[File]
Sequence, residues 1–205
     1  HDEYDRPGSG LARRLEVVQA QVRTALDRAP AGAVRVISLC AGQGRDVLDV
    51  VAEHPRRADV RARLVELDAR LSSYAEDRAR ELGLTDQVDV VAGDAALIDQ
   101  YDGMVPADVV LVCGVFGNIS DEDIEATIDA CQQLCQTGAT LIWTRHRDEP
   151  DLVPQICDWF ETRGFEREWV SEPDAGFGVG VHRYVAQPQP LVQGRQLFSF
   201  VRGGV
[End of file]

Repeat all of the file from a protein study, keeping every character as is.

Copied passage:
Sequence, residues 1–205
     1  HDEYDRPGSG LARRLEVVQA QVRTALDRAP AGAVRVISLC AGQGRDVLDV
    51  VAEHPRRADV RARLVELDAR LSSYAEDRAR ELGLTDQVDV VAGDAALIDQ
   101  YDGMVPADVV LVCGVFGNIS DEDIEATIDA CQQLCQTGAT LIWTRHRDEP
   151  DLVPQICDWF ETRGFEREWV SEPDAGFGVG VHRYVAQPQP LVQGRQLFSF
   201  VRGGV